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Psychedelics: The New Frontier of Plant Medicine?

Dave Jackson Dave Jackson, Stockhouse
0 Comments| September 24, 2019

Dennis McKenna, Ph.D. (right), Robert Laurie, moderator, (left) at Extraordinary Future Conference, Sept. 23, 2019, Vancouver, B.C. Photo: Dave Jackson, Stockhouse

In a recent Stockhouse article, we looked into a what could be a potential multibillion-dollar health & wellness market explosion. And going down this rabbit hole is the new frontier of commercializing psychedelic drugs for a variety of medical and mental health applications.’
Ethnopharmacologist, research pharmacognosist, lecturer, and author Dr. Dennis McKenna is one of the world’s leading authorities the interdisciplinary study of Amazonian ethnopharmacology and plant hallucinogens. He has conducted extensive ethnobotanical fieldwork in the Peruvian, Colombian, and Brazilian Amazon. He is also the younger brother of the late ethnobotanist, mystic, lecturer, author, and advocate for the responsible use of naturally occurring psychedelic plants, Terence McKenna.
Speaking at an XFUTURE 2019 forum entitled: “From the Plant Medicine Frontier - How psychedelics like psilocybin could upturn the mental health industry”, the director of ethnopharmacology at the Heffter Research Institute explained some of the potential benefits of naturally-occurring hallucinogenic plants (like psilocybin mushrooms or Ayahuasca) and why many financial analysts are predicting this is the next wave of cannabis 2.0.
“Psychedelics are unlike any other kind of medicine that’s ever been introduced into biomedicine. Of all the new drugs discovered that eventually make it through clinical trials and eventually becomes available to people. They can’t be reduced to ‘just another pill’ because they are connected with history and a cultural context and even a co-evolutionary aspect. No one wants to discourage the research on psychedelics and the development of high quality psychedelics for therapeutic uses, but we should also not turn our backs on nature.”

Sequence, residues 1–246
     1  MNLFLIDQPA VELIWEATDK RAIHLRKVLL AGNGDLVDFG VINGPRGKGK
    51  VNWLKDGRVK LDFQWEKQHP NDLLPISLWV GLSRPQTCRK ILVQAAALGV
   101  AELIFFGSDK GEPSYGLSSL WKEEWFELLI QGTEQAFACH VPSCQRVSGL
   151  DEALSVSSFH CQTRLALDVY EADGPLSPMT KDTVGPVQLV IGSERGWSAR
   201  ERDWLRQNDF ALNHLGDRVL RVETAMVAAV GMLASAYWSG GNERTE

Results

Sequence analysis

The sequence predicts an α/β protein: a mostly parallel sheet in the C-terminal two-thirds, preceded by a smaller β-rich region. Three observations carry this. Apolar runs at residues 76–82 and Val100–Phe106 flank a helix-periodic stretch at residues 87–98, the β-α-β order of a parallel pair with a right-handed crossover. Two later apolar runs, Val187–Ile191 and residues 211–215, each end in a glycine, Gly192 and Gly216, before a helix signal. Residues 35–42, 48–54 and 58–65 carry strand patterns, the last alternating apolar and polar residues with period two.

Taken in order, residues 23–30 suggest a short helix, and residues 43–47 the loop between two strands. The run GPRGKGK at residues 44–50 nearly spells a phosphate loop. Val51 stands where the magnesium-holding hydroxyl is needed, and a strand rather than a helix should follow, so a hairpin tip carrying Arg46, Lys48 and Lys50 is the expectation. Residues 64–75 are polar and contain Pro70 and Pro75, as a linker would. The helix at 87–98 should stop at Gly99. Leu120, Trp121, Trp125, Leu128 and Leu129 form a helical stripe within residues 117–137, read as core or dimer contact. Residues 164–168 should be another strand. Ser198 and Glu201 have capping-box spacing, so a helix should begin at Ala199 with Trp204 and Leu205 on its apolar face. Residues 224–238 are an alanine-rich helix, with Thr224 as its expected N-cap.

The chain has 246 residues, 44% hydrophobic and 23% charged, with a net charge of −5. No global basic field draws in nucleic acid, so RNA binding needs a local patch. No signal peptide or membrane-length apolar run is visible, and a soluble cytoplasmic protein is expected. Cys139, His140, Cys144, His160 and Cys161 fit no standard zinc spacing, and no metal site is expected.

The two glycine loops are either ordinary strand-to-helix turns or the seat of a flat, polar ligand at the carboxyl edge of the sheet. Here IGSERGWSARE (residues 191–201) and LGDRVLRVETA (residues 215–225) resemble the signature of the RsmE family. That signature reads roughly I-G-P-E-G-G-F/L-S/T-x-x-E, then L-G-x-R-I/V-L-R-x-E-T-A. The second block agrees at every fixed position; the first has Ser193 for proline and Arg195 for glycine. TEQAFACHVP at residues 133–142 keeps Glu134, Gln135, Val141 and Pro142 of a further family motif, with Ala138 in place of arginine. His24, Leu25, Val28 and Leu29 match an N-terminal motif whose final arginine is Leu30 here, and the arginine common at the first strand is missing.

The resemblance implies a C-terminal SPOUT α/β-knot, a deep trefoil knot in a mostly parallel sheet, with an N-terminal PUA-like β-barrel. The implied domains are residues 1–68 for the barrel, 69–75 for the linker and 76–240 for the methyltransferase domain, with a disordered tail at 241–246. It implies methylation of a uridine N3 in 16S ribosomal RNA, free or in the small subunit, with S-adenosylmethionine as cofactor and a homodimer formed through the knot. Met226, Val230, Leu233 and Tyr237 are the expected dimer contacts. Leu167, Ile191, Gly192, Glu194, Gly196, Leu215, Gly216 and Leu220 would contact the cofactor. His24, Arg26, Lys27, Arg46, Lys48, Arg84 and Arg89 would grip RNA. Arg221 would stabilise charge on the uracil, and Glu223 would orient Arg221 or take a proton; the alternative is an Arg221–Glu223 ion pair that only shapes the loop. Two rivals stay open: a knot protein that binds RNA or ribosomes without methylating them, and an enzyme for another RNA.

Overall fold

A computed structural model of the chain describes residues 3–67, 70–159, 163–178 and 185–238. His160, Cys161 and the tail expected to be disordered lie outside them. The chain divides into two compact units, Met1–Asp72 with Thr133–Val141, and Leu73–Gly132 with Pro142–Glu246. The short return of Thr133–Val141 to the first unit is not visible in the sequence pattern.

He went on to say that control of certain plants and its pharmacology brings up issues of intellectual property, indigenous property, and indigenous knowledge:
“Who owns these psychedelics? They’re ancient medicines that have been used for thousands of years. I don’t think indigenous people would assert that they own the psychedelics. But you may be disappointed to know that there are corporations now headed in that direction, saying ‘We’re now the source of psychedelics.’ I think when you try to reduce psychedelic therapy to crystals and capsules it’s not the actual medicine itself…it’s the context. These medicines are never going to be something where a therapist says, ‘Take two of these and call me in the morning.’ It just doesn’t work that way.”
Not exactly music to the ears of the investor-based audience in attendance.
The doctor went on to say that looking at the big picture, psychedelics have to taken in a highly-structured context, a traditional shamanic context, or “some combination of the two.”
Forum moderator and Vancouver lawyer, Robert Laurie, asked Dr, McKenna, in regard to Canada’s legalization of adult-use cannabis nearly a year ago, how this would parlay into a recreational psychedelic market:
“I think we already have recreational market…it just doesn’t happen to be a legal one. Whether psychedelics are used recreationally or not is more a matter of personal choice. They can be used recreationally – and that’s not necessarily always a bad thing – for spiritual growth, self understanding, the inspiration of consciousness, and they can be used to treat specific mental health problems like depression and PTSD.”
This time, Dr. Mckenna’s libertarian, free market remarks on ‘personal choice’ hit a definite positive note with the assembled business crowd.
The Extraordinary Future Conference concluded Monday, September 23, 2019 with in excess of over 2,500 attendees and 100-plus exhibiting public and private technology companies and start-ups.


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